It is now being reported that troops loyal to Muammar Gaddafi are grabbing black African migrant workers in Libya and forcing them to fight against the anti-Gaddafi rebels. This latest information is being reported to the Reuters news-wire from a refugee camp in Tunisia where many of these young African men who have managed to escape and flee from war-torn Libya.
Beaten Then Recruited
The men described being raided while in their homes by Libyan soldiers, beaten and then relieved of their savings, identity papers and other possessions. They were then held in custody and offered payment to fight on behalf of Libya and Colonel Gaddafi. Refusal to agree was met with threats that they would never be allowed to leave.
Gaddafi’s government denies such tactics, and has explained the sudden presence of dark-skinned soldiers in the army as neither African mercenaries nor detained migrant workers, but as “dark-skinned” Libyan nationals.
Black Workers Forced Into Service
Rebels began spreading the rumor that Gaddafi had brought in African mercenaries from places such as Chad and Zimbabwe when the fighting began three weeks ago, but these rumors have never been proven. Now it seems clear that the best explanation for the appearance of the ‘dark-skinned’ soldiers is the joining of the African migrants in the fight on the side of Gaddafi.
Over the past 10 days more than 105,000 migrant workers have escaped from Libya to Tunisia, a majority of who are Egyptians, but also about 20,000 workers from Bangladesh. The Egyptians have been repatriated, but the Bangladeshis as well as thousands of west Africans are populating the UN transit camp that has been established for them in Ras Jdir, Tunisia.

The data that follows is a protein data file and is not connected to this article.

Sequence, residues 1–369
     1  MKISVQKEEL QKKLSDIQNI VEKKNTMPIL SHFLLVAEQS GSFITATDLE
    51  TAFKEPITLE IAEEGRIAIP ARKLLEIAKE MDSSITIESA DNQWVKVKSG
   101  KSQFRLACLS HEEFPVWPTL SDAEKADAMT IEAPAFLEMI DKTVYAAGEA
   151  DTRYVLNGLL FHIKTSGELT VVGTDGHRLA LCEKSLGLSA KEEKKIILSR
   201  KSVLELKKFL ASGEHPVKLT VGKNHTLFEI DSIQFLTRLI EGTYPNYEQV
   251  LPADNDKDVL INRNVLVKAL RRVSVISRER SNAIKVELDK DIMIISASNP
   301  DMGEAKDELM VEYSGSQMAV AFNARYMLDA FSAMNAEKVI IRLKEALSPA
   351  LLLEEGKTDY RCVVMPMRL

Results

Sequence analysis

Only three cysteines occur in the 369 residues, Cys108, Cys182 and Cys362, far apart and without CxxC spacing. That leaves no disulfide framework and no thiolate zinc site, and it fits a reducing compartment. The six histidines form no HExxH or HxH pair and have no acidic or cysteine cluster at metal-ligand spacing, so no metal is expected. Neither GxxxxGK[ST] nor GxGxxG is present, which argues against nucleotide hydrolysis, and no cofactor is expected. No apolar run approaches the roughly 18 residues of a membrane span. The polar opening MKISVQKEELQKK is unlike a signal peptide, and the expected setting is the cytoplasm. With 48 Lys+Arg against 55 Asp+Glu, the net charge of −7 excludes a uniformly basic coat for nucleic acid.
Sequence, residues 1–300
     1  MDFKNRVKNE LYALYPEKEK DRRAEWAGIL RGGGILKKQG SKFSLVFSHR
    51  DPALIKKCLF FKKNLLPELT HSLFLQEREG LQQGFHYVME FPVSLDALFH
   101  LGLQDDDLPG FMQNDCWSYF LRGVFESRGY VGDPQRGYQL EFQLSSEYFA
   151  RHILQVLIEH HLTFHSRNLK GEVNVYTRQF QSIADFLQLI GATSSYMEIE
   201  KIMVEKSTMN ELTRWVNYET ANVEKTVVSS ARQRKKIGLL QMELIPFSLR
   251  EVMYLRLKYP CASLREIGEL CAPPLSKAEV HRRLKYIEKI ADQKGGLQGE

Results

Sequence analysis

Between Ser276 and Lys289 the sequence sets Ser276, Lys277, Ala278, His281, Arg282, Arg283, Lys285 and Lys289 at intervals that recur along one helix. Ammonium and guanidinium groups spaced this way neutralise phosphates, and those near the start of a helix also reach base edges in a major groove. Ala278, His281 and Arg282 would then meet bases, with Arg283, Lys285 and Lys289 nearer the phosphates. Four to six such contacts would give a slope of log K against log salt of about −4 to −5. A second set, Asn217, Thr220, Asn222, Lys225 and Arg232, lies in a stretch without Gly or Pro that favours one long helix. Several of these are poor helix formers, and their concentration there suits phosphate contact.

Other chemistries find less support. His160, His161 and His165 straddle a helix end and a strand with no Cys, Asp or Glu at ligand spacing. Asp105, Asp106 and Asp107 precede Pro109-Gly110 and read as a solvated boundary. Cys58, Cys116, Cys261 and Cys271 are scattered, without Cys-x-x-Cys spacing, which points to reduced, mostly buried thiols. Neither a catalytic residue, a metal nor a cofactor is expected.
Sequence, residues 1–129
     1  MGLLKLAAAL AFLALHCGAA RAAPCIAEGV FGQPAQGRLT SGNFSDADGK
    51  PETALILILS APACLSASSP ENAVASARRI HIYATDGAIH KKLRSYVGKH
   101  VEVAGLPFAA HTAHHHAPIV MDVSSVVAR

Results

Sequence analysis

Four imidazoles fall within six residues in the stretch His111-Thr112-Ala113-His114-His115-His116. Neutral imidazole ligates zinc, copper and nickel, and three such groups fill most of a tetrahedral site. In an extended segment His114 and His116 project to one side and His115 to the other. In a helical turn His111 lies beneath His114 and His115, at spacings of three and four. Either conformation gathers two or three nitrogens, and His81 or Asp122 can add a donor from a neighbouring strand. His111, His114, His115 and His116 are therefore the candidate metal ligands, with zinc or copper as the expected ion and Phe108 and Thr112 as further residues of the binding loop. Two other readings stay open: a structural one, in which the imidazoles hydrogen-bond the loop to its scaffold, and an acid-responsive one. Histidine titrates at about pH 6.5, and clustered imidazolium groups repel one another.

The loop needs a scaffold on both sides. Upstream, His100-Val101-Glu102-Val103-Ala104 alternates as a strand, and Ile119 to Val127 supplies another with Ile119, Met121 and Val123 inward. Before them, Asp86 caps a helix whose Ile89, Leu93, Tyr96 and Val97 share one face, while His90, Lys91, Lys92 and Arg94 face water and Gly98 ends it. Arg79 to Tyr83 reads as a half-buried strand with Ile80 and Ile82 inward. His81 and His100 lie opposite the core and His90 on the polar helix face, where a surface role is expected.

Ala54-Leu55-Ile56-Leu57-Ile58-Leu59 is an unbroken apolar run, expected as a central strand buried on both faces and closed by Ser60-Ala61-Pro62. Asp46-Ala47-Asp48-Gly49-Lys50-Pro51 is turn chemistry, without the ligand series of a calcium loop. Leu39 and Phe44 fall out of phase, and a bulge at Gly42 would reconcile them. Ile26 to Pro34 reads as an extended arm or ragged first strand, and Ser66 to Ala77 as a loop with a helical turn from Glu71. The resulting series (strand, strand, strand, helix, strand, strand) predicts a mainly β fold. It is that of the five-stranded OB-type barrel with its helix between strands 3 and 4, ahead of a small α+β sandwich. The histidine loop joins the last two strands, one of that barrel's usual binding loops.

Tales of Escape to Tunisia
Twenty-three year old Fergo Fevomoye was able to cross the border into Tunisia on Sunday:
“They will give you a gun and train you like a soldier. Then you fight the war of Libya. As I am talking to you now there is many blacks in training who say they are going to fight this war. They have prized (paid) them with lots of money. They said I should take money and fight. They would give me 250 dinars. I said no. When I told them No they told me I would not go anywhere.”
Another refugee, Obinna Obielu was an electrician in Libya for 12 years. During that time he managed to save 10,000 dollars. He managed to escape with two friends, their two wives and two babies in an old Land Cruiser. Because the main road was too dangerous he drove through the bush adjacent to the frontier.
“I go off, because it is not a good road. Because they are attacking people and sending them back to go and fight in the war,” he said. “The car is left back there.”
Two other refugees, Daniel Chibuzor and Tijanx Sadiki told how Libyan troops stormed their home, robbed them and left them with no money or identity papers. They described being terrified of appearing in the streets until they finally decided their best option was to head west to Tunisia. One of the two babies that travelled with them out of Libya was treated for tear-gas inhalation.
Ike Emanuel from Nigeria described how he buried his six month old baby in the desert as he was fleeing Libya. He said that he has spoken to many refugees in the week since he arrived at the camp and has discovered the recurring story of African workers being trapped and having to choose between fighting or fleeing.